Long Term Profits with Fundamental Analysis in Forex Trading
Is Fundamental Analysis in Forex Trading Still Effective?
Most people (if not all!) people would agree that when buying and selling currency the goal is to buy low and sell high. In real estate, an adage I find very telling is that you make your money when you buy not when you sell. Loosely translated that means you make a profit if you buy at the right price. Now you can apply this adage to trading forex. But how can you determine the best time to buy (low)? This is where fundamental analysis comes into the picture. Many traders would agree (and I do as well), that over a medium term horizon the best way to make a profit trading forex is through fundamental analysis.
There are two main ways to analyze the forex markets. These are technical analysis and fundamental analysis. Technical analysis uses formulas to spot trends and to determine the optimal time to buy and sell currency. The result of technical analyses is typically a set of charts with different lines, triangles and indicators in general. You then decide if you want to act on those signals or not.
On the other hand fundamental analysis is much more subjective in its approach to identifying trends. Fundamental analysis looks at endogenous factors that cause the value of the currency to go up or down. It considers factors that influence the financial position of the country issuing the currency. For example, if the financial system in that specific nation is in trouble (such as was the case of Iceland not long ago), there will be lower demand for that nation’s currency and hence the exchange rate versus other currencies will decline. Why will there be less demand for the currency if the financial institutions are in trouble? There are many reasons, but the most obvious one is that there will be less investors wanting (and willing) to buy that country’s currency to deposit money with the local banks.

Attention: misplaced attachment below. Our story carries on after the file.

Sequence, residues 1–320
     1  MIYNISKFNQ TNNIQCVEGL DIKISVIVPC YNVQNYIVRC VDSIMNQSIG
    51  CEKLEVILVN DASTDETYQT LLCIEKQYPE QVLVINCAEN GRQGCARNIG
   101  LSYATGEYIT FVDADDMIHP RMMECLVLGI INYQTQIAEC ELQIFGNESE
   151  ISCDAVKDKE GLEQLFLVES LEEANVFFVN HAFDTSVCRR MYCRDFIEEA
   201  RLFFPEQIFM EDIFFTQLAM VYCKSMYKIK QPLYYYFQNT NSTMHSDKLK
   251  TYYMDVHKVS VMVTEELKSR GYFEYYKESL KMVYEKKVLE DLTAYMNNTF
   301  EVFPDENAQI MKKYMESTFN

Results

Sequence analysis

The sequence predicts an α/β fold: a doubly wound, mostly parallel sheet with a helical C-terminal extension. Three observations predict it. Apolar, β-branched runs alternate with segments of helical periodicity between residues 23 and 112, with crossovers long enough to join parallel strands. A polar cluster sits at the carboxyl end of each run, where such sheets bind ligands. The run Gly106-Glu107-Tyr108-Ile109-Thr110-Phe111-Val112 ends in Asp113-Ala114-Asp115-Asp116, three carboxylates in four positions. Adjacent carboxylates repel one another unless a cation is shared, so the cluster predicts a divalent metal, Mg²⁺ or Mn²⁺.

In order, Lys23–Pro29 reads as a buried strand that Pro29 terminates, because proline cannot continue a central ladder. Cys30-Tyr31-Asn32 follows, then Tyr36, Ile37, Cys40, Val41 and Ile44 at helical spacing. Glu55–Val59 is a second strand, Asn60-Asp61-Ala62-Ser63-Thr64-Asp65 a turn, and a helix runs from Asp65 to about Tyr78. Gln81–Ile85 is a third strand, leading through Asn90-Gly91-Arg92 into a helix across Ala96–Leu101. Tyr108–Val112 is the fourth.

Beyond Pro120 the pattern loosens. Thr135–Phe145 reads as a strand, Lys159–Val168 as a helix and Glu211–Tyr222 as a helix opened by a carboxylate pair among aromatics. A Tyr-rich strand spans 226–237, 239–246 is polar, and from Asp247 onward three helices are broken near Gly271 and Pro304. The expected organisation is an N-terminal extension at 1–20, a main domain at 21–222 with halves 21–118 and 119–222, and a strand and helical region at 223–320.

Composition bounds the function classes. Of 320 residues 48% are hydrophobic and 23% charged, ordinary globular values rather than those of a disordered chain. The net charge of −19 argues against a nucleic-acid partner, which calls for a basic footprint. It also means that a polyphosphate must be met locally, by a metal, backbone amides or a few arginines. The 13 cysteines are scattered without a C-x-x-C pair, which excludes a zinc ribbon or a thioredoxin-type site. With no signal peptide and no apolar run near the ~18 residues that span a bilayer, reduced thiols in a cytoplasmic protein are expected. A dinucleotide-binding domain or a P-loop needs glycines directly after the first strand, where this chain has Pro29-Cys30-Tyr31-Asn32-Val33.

Another major factor in impacting the value of a country’s currency are governments and other legislative bodies such as local authorities. E.g. governments can (and do) pass legislation that facilitate or restricts international trader. This will decrease the flow of goods and services and hence the amount of that country’s currency is bought or sold. For example, if a law that enhance exports is passed there will be more people wanting to buy that nation’s currency to by local goods hence the forex rate will appreciate in that country’s favor. By the same token, instable governments affect unfavorably the value of the currency as there is a lot of uncertainty over what’s going happen in the region. And financial markets don’t like uncertainty.
Another element that plays a key role in fundamental analysis is central bank activity. Central banks can raise or lower interest rates (pretty much) as they wish. Another way of seeing this is that they can decide to raise or lower inflation. Coming back to the bank deposits example, lower interest rates will cause less external investors wanting to deposit money with the local banks and hence less demand for the nation’s currency. This in turn causes the forex rate to depreciate.
In all fairness, fundamental analysis is more subjective because you are guessing on the impact that governments, central banks and other financial conditions will have on the country. One thing you can be sure about though: it’s that they will have an impact.
In forex trading, the best combination is usually a mix of fundamental and technical analysis. Typically fundamental analysis is used for deciding whether you want to buy or sell the currency whereas technical analysis is used for choosing the best timing to open the position.